These ideas can be applied to public or private sector organisations. If you would like to discuss how these ideas might be applied to your organisation then please get in touch.

Note: If you want to watch the video on the VEOH website or download the full length version then click on the VEOH logo in the bottom right hand corner of the player.

Friday, January 06, 2012

PM aims to tackle 'care problem' - oh really?

Today this article was published on the BBC website as David Cameron announced measures to tackle problems within the NHS. Read the article here.

In short, Mr Cameron recommends that the public be encouraged to carry out inspections and nurses carry out regular ward inspections. There are a number of flaws in the logic here. First of all those urged to carry out inspections will already be doing so. The public will be looking because they are concerned about the environment that they and their relatives find themselves in and nurses will be looking anyway because it is part of their job. Nurses, however, are busy and will not be quite so vigilant. If they are to me more vigilant then which aspects of their job does Mr Cameron suggest they give up?

These are trivial issues, what is more important is the fact that Mr Cameron thinks that Quality can be inspected in to a system. This is an old fashioned argument that simply does not work. If you regularly inspect any system and you keep finding faults then you only have 2 options 1) Find the same fault again during your next inspection 2) spend a huge amount of time firefighting.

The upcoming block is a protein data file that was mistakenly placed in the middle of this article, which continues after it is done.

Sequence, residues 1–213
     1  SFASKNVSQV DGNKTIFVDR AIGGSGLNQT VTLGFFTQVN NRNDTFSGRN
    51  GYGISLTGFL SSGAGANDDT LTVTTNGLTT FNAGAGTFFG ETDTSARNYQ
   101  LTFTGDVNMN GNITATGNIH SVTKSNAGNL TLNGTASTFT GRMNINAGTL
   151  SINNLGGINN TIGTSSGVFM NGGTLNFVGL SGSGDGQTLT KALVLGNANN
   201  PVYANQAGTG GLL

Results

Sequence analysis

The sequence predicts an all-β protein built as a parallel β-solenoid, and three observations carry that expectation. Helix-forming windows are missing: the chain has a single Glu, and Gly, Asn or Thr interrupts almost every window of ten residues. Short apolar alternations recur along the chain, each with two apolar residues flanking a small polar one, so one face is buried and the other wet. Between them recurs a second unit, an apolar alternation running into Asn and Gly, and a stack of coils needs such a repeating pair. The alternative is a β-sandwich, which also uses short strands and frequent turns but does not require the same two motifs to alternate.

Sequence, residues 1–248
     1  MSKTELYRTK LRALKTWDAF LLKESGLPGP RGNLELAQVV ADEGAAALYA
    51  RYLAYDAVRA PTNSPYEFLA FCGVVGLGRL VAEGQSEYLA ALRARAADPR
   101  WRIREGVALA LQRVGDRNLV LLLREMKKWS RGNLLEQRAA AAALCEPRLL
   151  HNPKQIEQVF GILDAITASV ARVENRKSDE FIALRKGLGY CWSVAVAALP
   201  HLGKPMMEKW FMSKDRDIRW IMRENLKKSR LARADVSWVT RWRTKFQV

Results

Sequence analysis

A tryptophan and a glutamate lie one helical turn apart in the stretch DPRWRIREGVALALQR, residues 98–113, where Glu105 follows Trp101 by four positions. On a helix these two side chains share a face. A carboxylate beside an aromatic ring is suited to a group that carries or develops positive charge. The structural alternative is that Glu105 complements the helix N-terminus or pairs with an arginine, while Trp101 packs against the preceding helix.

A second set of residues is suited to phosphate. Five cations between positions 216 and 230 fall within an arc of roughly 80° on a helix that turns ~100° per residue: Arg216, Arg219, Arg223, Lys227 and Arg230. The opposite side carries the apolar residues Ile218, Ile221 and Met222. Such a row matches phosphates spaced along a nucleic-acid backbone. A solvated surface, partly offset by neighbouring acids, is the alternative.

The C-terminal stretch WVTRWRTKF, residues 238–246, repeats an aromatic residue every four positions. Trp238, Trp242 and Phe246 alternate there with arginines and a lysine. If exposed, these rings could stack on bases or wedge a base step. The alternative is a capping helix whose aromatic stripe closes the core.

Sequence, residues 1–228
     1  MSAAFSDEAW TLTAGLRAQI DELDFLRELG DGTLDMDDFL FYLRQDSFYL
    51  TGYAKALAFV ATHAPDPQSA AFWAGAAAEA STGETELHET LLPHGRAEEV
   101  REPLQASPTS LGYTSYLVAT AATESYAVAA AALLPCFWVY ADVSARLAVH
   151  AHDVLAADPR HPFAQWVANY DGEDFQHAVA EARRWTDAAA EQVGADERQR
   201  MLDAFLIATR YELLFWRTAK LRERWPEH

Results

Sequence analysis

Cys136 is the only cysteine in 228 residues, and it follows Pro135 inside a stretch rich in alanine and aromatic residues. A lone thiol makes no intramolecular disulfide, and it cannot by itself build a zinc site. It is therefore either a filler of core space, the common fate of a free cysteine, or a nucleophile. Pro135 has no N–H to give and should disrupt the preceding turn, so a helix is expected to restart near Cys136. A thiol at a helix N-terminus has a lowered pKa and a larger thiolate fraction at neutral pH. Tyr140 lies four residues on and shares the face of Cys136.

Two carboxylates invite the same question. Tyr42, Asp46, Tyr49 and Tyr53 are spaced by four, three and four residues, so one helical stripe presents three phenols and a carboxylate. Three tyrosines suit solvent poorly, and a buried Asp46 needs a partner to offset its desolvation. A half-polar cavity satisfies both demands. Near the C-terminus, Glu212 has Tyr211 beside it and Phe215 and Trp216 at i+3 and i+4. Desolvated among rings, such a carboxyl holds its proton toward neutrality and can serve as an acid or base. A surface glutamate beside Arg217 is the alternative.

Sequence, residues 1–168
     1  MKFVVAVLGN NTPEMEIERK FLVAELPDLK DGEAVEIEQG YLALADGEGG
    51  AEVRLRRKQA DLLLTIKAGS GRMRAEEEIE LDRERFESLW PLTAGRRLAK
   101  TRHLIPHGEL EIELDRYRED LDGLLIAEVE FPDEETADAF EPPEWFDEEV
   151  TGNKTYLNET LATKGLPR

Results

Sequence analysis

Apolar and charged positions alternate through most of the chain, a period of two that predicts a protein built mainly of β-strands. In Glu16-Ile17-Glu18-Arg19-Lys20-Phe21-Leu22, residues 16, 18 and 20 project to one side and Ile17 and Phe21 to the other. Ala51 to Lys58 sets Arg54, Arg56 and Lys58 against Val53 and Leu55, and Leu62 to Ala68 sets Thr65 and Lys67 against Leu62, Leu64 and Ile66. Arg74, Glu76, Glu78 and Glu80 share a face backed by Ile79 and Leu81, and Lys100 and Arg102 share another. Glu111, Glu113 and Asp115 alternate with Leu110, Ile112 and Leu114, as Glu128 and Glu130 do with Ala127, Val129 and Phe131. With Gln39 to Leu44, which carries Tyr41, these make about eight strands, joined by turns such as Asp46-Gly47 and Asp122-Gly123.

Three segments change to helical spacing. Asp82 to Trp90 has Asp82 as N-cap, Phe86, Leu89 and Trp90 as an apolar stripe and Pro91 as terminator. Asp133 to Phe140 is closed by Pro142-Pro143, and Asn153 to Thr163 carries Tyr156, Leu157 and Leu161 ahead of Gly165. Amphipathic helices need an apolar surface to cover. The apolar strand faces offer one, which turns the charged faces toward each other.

When Japanese products first became popular it was because of the high quality. When we in the west tried to emulate these methods we failed dismally. Why? It was because we inspected everything thoroughly and we did produce quality items but only because of the large number of defective items that we threw away. The cost was enormous.

So there are two main issues, poor quality costs, in terms of both money and health as far as the NHS is concerned and also the fat that the more you monitor a system the more expensive it becomes to run.

The answer to all of this is simple. To make the NHS work better at a lower level simply change the system. Avoid high level edicts about how things should be done, just state what they targets are (infection rates, bed occupancy or whatever) and let the people who know, those on the front line such as nurses and junior doctors, fix the system with the excellent knowledge that they have.

Call this creativity or innovation within the NHS if you like but surely it is just plain common sense?

Tuesday, December 20, 2011

Innovation - A Human Race (Christmas remix 2011)

This article is perhaps more relevant now than when it was originally written. The balance seems to be shifting rapidly and those who once led the world in terms of Innovation are struggling a little and those who considered themselves to be lagging behind are feeling the wind in their sails.